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MPs call for reclassification of synthetic cannabis drugs

Photo by Stefan Rousseau/PA Wire

By Elizabeth Arnold, Press Association Political Staff

The "growing epidemic" of cheap drugs such as spice and black mamba is turning Britain's town centres into "places that people fear to go", a Tory MP has said.

Ben Bradley urged the Government to reclassify synthetic cannabinoids as class A drugs, warning their prevalence was becoming a "serious national problem".

The MP for Mansfield laid bare the "devastating impact" on communities, saying: "Synthetic cannabis is one of the cheapest drugs on the market but also one of the strongest.

"The effects of these drugs can leave users resembling zombies slumped in a state of semi-consciousness sometimes foaming at the mouth, sometimes passed out in the street...

"This is clearly having a negative impact on town centres and local economies, it's causing anxiety amongst shoppers and business owners, decreasing footfall and discouraging families from spending the day in the town centre."

Speaking during his Westminster Hall debate on the reclassification of synthetic cannabinoids, Mr Bradley said the current class B classification was limiting the action that local services and the police could take, with forces "struggling to deal with it on a local level".

Such drugs, he added, were placing an "absolutely huge" resource drain on the NHS with extra strain being put on ambulance services, while prison officers were having to go home sick having inhaled fumes from people taking the drugs.

Mr Bradley said one prime spot for users was right outside his constituency office and one of his staff members had regularly resuscitated people.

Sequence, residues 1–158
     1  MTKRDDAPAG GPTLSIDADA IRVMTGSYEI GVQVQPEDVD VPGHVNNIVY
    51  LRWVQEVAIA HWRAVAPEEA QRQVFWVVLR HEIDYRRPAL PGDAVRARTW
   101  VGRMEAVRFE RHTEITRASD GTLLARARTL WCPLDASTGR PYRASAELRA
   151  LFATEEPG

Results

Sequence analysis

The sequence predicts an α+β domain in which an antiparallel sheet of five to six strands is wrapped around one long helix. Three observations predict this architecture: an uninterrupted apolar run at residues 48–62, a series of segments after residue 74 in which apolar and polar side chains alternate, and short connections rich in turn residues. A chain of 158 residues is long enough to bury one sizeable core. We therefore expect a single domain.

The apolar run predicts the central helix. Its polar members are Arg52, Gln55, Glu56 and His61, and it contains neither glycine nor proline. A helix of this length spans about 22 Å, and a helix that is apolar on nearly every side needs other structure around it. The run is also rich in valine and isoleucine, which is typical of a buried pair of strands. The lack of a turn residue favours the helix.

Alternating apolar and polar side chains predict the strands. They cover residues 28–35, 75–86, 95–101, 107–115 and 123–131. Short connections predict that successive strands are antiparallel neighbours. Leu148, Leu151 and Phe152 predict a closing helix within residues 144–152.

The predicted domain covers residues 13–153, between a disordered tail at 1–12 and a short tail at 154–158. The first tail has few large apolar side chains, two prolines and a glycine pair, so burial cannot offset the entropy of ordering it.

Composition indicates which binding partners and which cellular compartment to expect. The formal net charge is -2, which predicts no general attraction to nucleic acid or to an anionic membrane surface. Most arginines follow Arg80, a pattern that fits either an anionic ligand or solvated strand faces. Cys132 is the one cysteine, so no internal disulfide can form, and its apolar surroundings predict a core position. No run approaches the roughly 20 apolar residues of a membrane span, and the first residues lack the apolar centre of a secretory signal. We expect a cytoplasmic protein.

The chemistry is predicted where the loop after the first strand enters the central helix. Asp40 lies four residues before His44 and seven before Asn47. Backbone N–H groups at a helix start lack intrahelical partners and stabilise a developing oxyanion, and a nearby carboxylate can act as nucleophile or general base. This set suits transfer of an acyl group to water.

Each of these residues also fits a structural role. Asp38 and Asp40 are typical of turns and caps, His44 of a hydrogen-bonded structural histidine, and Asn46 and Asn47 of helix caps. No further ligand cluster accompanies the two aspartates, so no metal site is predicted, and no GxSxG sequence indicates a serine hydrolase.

He said: "The illegal use of these drugs is a threat to public health and a matter of public concern.

"As it was outlined by 20 police and crime commissioners, these drugs are causing one of the most severe public health issues we have faced in decades. Quite frankly for me, enough is enough."

The physical and psychological impacts of such drugs were more comparable with class A drugs like ketamine or heroin yet this was not reflected in law, he said.

He added: "It's not right to let a small minority of people have such a huge impact on entire towns and on the lives of thousands by turning our town centres into places that people fear to go, we can't continue to let our children see this behaviour and think that it's normal.

"I don't think we have the ability to wait any longer - if dealers and manufacturers aren't faced with harsh repercussions then what state will our towns be in this time next year or in five years' time?"

Conservative Vicky Ford (Chelmsford) said there was not strong enough sentencing for drugs barons at the top.

Labour's Ruth Smeeth (Stoke-on-Trent North) said there had been a "huge spike" in the use of such drugs including monkey dust, adding: "These drugs are cheap, powerful and dangerous and they a wreaking havoc on our communities."

Constituents, she said, were facing an "obstacle course of rubbish and drug paraphernalia", with one describing their street as "something out of a zombie film".

She said one woman had a drug user jump into her car outside her house and refuse to get out, adding: "My constituent's four-year-old daughter was in the car. She was forced to leap out in terror and is now terrified."

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